Today’s #VeteranOfTheDay is Army Air Forces Veteran Milton W. Stern, who served during World War II and was a prisoner of war.
Milton W. Stern grew up in Rochester, New York, and attended school to become an Air Force cadet. Stern’s started flying new airplanes from Nebraska across the ocean. In February 1944, Stern and his crew flew a northern route. This unusual route proved to be dangerous because the crew experienced heavy overcast and flew directly above the water.
After crossing the Atlantic, the men attempted to land in Ireland, but instead landed in Scotland. In March 1944, they flew their first daylight mission over Berlin, shot down over the Netherlands.
Dutch citizens aided Stern, taking him to a small town where others hid. Later, they moved to Belgium. There, he reunited with five of his crew members. When an airplane for England never arrived, the men had to stay in hiding.
Stern and his radio man were separated from the others and continued on the move for three months to prevent reports of their location. On May 27, 1944, the Gestapo discovered them. Stern expected the Gestapo to kill the family hiding him and him immediately. Instead, a patrol car took them to the Gestapo headquarters where Stern reunited with the rest of his crew. Later, they discovered the Dutch leader turned them in.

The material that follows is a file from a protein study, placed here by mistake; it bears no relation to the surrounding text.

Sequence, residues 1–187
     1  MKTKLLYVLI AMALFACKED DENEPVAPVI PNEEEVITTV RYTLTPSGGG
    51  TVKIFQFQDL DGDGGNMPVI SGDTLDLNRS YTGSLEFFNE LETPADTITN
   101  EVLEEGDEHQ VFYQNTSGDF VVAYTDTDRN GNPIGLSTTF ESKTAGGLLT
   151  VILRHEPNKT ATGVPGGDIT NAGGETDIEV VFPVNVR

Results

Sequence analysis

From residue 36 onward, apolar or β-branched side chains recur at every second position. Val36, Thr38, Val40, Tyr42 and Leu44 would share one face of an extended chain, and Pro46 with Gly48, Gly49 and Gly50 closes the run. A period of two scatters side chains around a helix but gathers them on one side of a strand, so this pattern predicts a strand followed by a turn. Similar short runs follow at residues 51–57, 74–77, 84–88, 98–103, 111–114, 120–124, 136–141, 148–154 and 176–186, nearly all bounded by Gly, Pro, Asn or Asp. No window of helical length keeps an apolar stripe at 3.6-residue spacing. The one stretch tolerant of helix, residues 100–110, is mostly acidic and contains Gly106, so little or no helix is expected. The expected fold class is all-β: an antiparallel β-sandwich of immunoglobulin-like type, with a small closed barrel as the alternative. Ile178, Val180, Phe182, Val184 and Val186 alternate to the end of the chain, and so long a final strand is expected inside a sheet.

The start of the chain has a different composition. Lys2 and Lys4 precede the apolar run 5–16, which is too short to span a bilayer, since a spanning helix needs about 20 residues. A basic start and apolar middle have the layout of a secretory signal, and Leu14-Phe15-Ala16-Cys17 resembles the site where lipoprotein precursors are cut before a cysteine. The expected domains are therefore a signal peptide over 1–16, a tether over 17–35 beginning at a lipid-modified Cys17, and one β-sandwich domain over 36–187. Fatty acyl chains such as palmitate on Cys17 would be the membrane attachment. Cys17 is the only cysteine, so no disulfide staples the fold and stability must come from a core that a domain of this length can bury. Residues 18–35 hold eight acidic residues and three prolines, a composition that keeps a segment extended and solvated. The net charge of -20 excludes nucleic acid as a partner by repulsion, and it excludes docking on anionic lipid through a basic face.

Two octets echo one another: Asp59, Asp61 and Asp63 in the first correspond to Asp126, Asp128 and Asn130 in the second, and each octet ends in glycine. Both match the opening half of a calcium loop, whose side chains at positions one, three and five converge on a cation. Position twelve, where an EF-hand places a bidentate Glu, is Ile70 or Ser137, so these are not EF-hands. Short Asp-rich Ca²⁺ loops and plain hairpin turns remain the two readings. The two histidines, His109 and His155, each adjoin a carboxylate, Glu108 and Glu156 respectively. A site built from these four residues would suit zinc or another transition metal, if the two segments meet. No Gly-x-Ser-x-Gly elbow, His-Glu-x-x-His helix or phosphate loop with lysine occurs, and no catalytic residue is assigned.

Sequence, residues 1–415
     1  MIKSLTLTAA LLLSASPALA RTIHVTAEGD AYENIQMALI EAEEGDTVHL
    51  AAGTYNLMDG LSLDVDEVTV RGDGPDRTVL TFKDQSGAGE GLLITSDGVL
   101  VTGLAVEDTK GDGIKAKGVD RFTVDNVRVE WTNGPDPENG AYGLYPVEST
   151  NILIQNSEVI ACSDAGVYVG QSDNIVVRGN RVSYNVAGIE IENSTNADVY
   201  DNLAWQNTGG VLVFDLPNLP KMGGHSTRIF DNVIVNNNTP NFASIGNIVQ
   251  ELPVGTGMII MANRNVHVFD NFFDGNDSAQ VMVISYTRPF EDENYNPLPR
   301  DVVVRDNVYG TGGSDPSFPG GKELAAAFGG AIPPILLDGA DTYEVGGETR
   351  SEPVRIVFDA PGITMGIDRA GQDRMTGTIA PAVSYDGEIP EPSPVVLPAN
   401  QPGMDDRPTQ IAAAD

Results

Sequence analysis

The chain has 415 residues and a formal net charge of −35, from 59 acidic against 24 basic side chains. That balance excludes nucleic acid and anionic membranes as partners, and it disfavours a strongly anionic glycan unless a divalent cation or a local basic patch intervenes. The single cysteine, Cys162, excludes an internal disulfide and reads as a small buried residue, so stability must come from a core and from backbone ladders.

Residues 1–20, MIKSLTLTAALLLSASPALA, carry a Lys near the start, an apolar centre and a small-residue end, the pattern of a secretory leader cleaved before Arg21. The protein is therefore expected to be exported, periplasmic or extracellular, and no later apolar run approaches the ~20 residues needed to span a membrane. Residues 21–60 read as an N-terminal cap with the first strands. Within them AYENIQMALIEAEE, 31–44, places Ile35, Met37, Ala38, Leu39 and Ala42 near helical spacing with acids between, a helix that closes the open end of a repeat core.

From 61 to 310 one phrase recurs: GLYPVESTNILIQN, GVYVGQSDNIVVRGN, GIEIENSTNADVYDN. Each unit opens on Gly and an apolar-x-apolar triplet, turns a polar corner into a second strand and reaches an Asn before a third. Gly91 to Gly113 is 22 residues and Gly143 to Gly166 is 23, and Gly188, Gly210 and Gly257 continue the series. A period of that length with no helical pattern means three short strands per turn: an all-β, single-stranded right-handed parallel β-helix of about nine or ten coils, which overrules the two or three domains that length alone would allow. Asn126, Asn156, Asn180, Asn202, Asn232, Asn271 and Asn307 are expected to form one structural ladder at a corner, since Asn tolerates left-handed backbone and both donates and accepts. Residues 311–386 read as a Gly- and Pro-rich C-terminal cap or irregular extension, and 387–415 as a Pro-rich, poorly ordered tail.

On June 1944, an invasion on the prison camp transferred them to the Citadel. Captors placed Stern in solitary confinement. In July, 14 of his Belgium friends were shot one at a time while he was forced to watch. Stern remarked that he believed the Germans were using this tactic to gain a confession from them.
The Germans sent Stern an officer’s camp in northern Germany. He arrived in July 1944, but it wasn’t until May 1945 that Russians finally liberated Stern.
He kept detailed records of his experiences in Germany in his memoirs entitled Kriegie Memoirs of 1944-1945.
More information on his story is at http://memory.loc.gov/diglib/vhp-stories/loc.natlib.afc2001001.01348/.
We honor his service.
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Veterans History Project
This #VeteranOfTheDay profile was created with interviews submitted to the Veterans History Project. The project collects, preserves, and makes accessible the personal accounts of American war Veterans so that future generations may hear directly from Veterans and better understand the realities of war. Find out more at http://www.loc.gov/vets/.
Editor: Michelle Cannon
Fact checker: V